[Thanking @craignewmark for mention of this post on @HuffPostTech]
One day, the “globally connected classroom” will simply be known as “the classroom.”
January 18th is Internet Freedom Day, and we’re celebrating the Connect All Schools Consortium. The Consortium is a leading the effort to move our country closer to the goal that every school in the United States have global connections so that every student have an international experience to gain critical skills, knowledge, and hope for a prosperous and secure future.
Fifteen years ago, Dr. Ed Gragert saw the Internet’s potential for teachers and students:
The power of the Internet is in its human connective potential. By connecting us as global citizens and local community members, we learn better. We open ourselves to new ideas and in turn shape the thinking of others through diverse input. We and our students become empowered to apply learning within our societies and in the global community in ways that can impact powerfully and positively on lives and environments.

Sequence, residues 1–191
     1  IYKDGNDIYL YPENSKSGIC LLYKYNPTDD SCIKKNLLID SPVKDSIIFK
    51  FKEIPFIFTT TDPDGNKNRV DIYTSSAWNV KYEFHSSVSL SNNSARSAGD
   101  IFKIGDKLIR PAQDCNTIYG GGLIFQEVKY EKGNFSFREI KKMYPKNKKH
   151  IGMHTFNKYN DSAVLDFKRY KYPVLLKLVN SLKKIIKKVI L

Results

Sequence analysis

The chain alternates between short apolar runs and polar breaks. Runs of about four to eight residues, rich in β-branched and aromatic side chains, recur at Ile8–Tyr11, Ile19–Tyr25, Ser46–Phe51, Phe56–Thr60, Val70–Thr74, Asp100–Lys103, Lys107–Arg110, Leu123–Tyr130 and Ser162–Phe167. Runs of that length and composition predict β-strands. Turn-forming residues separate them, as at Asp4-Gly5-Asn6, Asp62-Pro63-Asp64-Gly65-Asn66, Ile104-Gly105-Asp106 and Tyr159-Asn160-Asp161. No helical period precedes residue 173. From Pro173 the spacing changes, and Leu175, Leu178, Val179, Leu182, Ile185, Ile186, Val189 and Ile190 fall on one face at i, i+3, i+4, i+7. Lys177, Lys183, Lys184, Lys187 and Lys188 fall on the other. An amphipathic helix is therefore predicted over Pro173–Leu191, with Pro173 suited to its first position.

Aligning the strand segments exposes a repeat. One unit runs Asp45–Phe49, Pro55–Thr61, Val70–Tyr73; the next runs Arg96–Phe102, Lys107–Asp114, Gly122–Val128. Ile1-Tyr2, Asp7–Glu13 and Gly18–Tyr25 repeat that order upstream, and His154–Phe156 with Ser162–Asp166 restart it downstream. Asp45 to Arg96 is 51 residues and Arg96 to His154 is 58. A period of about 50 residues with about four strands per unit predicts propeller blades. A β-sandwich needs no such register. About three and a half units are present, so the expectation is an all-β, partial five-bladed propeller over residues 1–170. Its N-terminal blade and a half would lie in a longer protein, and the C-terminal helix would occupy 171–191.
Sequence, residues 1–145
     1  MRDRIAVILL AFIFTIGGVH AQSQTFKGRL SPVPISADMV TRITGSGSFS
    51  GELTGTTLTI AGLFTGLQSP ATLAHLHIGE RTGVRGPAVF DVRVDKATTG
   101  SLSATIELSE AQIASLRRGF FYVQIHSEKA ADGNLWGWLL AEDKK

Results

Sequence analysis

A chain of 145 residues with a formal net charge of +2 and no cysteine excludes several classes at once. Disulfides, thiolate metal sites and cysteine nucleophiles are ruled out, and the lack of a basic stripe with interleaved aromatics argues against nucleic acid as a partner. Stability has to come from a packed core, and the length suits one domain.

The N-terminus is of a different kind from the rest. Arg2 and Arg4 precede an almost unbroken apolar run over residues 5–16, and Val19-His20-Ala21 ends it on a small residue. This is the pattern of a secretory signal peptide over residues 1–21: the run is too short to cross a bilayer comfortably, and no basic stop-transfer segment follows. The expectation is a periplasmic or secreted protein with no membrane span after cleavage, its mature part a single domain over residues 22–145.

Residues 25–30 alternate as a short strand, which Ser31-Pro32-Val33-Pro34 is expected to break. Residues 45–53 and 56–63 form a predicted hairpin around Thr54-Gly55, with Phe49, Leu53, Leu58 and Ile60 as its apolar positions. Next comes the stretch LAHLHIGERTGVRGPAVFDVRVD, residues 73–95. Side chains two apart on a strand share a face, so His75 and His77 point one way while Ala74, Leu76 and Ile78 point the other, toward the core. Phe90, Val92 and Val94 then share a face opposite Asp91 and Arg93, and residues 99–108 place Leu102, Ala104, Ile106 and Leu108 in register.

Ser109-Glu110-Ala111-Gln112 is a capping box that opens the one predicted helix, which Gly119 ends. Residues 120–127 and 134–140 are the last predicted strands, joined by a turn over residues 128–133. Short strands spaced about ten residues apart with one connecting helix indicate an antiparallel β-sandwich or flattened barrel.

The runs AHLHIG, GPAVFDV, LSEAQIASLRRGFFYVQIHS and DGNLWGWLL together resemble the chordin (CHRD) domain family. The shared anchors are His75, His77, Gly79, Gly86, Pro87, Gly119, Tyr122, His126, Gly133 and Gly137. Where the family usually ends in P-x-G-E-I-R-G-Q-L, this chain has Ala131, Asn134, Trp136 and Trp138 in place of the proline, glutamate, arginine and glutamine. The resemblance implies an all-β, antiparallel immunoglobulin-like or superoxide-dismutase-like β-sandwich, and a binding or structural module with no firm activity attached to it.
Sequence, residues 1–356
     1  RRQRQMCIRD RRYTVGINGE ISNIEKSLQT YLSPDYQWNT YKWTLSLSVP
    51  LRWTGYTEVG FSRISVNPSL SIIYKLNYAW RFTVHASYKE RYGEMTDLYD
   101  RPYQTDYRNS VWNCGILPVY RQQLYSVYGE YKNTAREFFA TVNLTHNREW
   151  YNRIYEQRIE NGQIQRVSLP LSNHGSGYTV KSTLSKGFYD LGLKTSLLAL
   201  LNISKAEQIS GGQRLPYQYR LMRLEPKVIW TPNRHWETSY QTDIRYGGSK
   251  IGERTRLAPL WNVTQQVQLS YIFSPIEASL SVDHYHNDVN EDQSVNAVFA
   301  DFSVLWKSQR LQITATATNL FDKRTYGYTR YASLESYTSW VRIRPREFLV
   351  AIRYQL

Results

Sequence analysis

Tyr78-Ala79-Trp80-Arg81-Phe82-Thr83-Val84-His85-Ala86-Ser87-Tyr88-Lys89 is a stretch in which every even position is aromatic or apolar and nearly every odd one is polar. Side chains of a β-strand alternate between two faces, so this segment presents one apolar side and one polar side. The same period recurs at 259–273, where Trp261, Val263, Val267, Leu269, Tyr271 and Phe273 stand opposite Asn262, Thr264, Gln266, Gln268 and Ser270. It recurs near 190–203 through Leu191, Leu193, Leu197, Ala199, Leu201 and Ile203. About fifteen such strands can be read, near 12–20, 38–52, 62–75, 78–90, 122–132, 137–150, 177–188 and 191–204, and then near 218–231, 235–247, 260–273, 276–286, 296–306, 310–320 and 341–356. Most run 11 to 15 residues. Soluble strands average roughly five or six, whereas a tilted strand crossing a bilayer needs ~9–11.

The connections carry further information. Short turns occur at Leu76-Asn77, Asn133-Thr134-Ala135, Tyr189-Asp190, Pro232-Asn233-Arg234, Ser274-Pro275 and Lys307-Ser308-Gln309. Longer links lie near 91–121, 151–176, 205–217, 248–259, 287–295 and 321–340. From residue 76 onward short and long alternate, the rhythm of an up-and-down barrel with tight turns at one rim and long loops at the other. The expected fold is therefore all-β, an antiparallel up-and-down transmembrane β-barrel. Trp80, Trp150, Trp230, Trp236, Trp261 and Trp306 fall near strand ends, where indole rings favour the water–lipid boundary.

In short, the Internet has the potential for creating an education of hope.
If we want to nurture a critical mass of young people who trust and respect each other, we need an Internet that fosters freedom of expression. If we want to empower future leaders to work together towards a healthier and safer planet, we need an Internet that supports an open and fair exchange of ideas. If we want our efforts to promote peace and conflict resolution through programs like the new Christopher Stevens Youth Network, we need an Internet that encourages empathy, meaningful collaboration, and an education of hope.
If we want every young person to believe that his or her voice matters, we need Internet freedom.